This is why switches and hubs exist: any two devices can communicate at full speed with each other without disturbing the other devices connected directly to it. User1 could transfer data to/from your NAS-server at full 1Gbps speed, while User2 could transfer data to/from your Minecraft-server at full 1Gbps-speed and neither would have to share anything. They'd only have to share if they were trying to use the same server at the same time, whereas in your original plan, they'd have to share any time they tried to use either of the servers, even if they weren't trying to use the same one.


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Posted · Original PosterOP
1 hour ago, WereCatf said:

...any two devices can communicate at full speed with each other without disturbing the other devices connected directly to it

How could i connect my network in such a way to achieve this result?

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1 minute ago, iAtomPlaza said:

How could i connect my network in such a way to achieve this result?

I've already told you twice. Connect. All. The. Devices. To. The. Same. Switch.


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Just to clear things up...when you say USG rack mount modem, you mean the ISP modem right? Not the Ubiquiti USG router?

 

But yeah, you'd rather have a single large switch with everything connected to it, and have VLANs splitting the traffic apart. That way any data that doesn't need the internet (local file transfer) goes across the switch. It is very easy to overload 1Gb ethernet with file transfers.

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18 hours ago, iAtomPlaza said:

Switch 1 is for personal access to the network; WI-FI and Ethernet connected pc's

Switch 2 is for everything else like servers

 

Don't do this, use a single switch. If you're trying to do security, then use a managed switch so you can do VLAN's. 

 

Also you mention "USG Modem" and then "Router". 

Is the "USG Modem" a UniFi USG Firewall? If so, you don't need or want a seperate router as the USG will do that function.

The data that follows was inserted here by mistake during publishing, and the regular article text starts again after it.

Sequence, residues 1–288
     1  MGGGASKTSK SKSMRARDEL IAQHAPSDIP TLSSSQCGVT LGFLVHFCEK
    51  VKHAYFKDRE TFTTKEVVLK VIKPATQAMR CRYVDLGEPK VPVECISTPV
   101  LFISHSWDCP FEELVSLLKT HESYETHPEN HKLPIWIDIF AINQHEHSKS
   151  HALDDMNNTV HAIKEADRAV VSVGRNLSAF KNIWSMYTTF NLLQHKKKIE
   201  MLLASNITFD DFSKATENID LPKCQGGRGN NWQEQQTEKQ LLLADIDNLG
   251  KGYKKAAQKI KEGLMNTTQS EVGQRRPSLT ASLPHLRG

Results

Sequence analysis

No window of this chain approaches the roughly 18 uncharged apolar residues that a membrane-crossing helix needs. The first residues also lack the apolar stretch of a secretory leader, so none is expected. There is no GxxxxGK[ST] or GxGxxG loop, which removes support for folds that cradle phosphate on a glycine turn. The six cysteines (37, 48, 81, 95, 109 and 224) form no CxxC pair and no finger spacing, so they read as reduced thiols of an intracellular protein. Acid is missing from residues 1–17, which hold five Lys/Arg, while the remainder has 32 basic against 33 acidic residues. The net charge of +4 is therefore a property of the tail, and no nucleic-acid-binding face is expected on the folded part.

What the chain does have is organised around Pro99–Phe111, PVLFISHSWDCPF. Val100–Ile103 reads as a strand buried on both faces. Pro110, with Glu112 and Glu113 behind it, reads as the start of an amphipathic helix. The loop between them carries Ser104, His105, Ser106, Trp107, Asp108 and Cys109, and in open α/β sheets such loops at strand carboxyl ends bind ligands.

If you are doing a UniFi network, then the switch you want is probably a US-16-150W - its managed so can do VLAN's, it has 802.3af ports for powering your AP's and it has plenty of ports for the number of devices you have. 

 

The only reason to have another switch in a home setup, is if you have an area where you need a lot of connections. For me this is my home theater. I have my TV, Receiver, Satellite box, Xbox, PS3, PS4, HTPC all plugged into an 8 port switch so I can run them off a single ethernet port that runs back to my main switch (48 port managed).


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Posted · Original PosterOP
10 hours ago, scottyseng said:

Just to clear things up...when you say USG rack mount modem, you mean the ISP modem right? Not the Ubiquiti USG router?

Yes

 

2 hours ago, Jarsky said:

Don't do this, use a single switch. If you're trying to do security, then use a managed switch so you can do VLAN's

 

10 hours ago, WereCatf said:

Connect. All. The. Devices. To. The. Same. Switch.

Ive connected everything to one main switch, but would it work like this in the diagram?

and sorry for my lack of understanding here, im just experimenting around.

 

Network (2).png

 

I got this idea from this post:

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On 8/17/2014 at 6:24 AM, Ssoele said:

05992714c4.png

 

 

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22 minutes ago, iAtomPlaza said:

Yes

 

 

Ive connected everything to one main switch, but would it work like this in the diagram?

and sorry for my lack of understanding here, im just experimenting around.

 

Network (2).png

 

I got this idea from this post:

  Reveal hidden contents

 

 

I would remove router 1.1 and do a ALS setup with a couple of VLANs


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30 minutes ago, iAtomPlaza said:

Ive connected everything to one main switch, but would it work like this in the diagram?

You just keep making it worse.


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Just now, WereCatf said:

You just keep making it worse.

I think he is honestly using more equipment for this more then he needs